Off the Hook? Pharm Exec's Annual Press Audit

Mar 01, 2012


Coverage of the industry in print is at its lowest level since the Saint Joseph's study began in 2004—down 48.4 percent in 2011 from the previous year. (GETTY IMAGES / PETER AUGUSTIN)
The big news in 2011 for pharma was ... no news. The year was the quietest for big daily newspaper coverage of the pharmaceutical industry since we began tracking the data in 2004. And since newspaper coverage of the industry has historically been more negative than positive, this "neglect" gives Big Pharma a respite—and a welcome chance to reinvent itself and repair its reputational credentials.

Sponsored by the Arrupe Center for Business Ethics at Saint Joseph's University, the audit also found a less negative tone in coverage. Two issues drew the most attention: drug safety and the FDA regulatory environment.

Details of the findings include:
» Coverage of pharma is down 48.4 percent from last year and the lowest it has been since the study was launched in 2004.

» Coverage is less critical of the industry. In 2011, 21 percent of articles were negative toward the industry compared to a five-year average of 48 percent negative.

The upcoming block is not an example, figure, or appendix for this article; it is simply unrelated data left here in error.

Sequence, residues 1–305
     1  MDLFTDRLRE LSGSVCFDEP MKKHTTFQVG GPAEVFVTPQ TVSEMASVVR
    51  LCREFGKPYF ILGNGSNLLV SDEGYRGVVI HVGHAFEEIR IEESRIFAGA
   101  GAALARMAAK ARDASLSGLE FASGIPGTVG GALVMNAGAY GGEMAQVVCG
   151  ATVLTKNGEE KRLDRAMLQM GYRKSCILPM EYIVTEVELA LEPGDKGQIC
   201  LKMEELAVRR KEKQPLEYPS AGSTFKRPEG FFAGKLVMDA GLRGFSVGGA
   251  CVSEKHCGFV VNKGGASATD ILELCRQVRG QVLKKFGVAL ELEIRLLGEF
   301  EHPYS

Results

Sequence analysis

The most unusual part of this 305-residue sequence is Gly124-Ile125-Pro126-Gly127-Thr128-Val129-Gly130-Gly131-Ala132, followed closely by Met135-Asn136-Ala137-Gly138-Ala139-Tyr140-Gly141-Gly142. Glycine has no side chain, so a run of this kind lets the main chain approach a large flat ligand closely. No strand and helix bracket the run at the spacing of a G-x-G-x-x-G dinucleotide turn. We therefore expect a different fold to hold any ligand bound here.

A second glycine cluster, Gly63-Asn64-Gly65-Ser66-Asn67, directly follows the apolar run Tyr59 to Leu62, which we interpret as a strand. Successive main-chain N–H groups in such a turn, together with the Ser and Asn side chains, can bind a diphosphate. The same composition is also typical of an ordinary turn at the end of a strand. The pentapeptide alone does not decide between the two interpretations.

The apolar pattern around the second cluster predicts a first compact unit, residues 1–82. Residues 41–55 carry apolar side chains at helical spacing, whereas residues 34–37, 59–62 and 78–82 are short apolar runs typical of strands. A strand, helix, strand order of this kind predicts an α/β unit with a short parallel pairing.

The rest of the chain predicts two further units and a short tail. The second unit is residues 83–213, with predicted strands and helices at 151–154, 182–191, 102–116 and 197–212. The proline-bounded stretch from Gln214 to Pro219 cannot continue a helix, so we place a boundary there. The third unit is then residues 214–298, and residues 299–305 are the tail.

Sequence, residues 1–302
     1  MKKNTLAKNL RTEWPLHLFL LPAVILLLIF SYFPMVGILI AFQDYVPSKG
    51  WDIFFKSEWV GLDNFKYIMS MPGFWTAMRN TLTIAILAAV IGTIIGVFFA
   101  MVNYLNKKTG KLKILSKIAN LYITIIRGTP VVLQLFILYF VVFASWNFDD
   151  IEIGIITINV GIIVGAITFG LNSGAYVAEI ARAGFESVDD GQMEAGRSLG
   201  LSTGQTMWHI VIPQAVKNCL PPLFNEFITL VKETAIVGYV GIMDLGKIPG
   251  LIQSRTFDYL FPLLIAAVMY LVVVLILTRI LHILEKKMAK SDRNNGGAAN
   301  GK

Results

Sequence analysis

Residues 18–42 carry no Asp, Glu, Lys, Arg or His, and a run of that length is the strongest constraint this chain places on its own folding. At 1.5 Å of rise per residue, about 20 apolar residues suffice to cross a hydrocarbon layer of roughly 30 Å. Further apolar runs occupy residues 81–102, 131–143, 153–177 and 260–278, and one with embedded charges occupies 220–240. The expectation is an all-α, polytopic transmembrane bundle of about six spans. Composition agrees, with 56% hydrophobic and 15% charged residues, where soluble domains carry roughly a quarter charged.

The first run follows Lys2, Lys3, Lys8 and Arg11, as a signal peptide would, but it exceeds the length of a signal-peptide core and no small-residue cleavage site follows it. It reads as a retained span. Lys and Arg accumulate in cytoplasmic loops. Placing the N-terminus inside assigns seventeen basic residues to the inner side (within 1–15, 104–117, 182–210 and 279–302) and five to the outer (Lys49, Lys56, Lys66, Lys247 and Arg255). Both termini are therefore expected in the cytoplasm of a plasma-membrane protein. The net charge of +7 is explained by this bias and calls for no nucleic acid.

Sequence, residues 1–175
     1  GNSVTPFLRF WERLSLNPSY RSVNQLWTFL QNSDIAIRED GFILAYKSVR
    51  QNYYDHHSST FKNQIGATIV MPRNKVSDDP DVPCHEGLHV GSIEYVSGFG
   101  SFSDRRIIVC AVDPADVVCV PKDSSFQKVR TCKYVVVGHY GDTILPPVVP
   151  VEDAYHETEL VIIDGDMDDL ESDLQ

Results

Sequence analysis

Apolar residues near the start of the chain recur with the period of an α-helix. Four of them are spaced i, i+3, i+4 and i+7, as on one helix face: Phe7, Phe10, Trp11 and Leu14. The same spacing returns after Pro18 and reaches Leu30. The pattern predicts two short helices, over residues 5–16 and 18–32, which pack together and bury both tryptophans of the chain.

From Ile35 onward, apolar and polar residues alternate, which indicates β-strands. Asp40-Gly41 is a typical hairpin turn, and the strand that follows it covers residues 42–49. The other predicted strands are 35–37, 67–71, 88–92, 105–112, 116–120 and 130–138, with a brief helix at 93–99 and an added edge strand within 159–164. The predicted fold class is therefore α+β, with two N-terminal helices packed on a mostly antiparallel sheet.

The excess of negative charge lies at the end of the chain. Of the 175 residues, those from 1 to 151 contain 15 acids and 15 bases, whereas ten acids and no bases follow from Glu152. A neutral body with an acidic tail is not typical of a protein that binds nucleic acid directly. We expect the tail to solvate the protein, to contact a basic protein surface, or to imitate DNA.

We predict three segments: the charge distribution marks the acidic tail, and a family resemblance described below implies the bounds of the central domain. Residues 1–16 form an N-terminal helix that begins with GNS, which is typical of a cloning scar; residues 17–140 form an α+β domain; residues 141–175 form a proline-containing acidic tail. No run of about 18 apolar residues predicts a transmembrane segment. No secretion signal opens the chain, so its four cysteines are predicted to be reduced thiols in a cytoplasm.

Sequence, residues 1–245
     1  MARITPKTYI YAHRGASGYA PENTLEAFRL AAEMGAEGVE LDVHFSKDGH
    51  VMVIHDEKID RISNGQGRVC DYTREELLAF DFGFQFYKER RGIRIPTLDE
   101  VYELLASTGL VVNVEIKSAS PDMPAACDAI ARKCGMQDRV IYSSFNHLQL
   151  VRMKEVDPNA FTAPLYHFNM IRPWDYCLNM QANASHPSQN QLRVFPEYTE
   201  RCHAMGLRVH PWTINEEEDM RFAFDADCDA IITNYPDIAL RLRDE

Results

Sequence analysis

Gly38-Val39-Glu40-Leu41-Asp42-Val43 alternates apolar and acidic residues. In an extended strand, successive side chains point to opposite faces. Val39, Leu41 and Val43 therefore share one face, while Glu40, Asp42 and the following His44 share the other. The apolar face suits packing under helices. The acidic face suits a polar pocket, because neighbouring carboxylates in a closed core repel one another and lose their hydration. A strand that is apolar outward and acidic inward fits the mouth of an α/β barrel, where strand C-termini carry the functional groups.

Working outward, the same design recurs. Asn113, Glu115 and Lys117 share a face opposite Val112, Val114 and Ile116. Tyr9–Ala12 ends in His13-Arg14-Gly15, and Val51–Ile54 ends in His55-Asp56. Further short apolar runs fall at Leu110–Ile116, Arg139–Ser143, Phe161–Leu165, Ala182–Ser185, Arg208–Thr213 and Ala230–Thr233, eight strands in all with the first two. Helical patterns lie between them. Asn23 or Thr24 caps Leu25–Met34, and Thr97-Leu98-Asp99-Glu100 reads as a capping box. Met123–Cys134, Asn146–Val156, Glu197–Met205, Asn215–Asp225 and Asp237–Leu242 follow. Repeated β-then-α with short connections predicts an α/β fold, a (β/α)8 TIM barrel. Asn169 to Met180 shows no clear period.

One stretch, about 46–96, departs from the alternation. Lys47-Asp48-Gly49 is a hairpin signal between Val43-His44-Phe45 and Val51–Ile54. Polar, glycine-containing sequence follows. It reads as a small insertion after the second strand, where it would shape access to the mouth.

» Flu vaccines, which earned the top spot on the list of issues last year, dropped to 11th.

» Drug prices are receiving less media scrutiny, but are still on the radar screen, at fourth place on the list of issues.

» Merck, Roche, and Pfizer were the companies identified most frequently in the news.

» Healthcare reform coverage decreased by 88 percent, from last year's 86 articles to only 10.

Processing the News

The audit analyzed the top five newspapers in the United States as defined by circulation for a 12-month period and identified all front-page and editorial articles pertaining to "hot button" pharma issues. The purpose of the audit was to shed light on the following questions:
» What ethical and legal controversies face the pharma industry—and what kinds of coverage do they attract?

» Do the articles and headlines support or oppose the positions taken by the industry, as defined by the Pharmaceutical Research & Manufacturers' Association (PhRMA)?

» How often do reporters include the industry's perspective in the stories that cover the issues of the day?

» What pharmaceutical companies and brand names are identified and discussed in the articles?

» What are the implications of these findings for the industry?

» To be included in the study and in our EthicsTrak database, an article had to be published between October 1, 2010, and September 30, 2011, in one of the top five US newspapers (as measured by circulation): USA Today, Wall Street Journal, The New York Times, Los Angeles Times, and The Washington Post.


Table 1: Number of Articles by Newspaper and Section
Table 1 (at right) shows the breakdown of coverage by newspaper. Coverage is down by a wide margin in all five newspapers, ranging from a drop of 31 percent in the Los Angeles Times to a 68 percent decline in USA Today.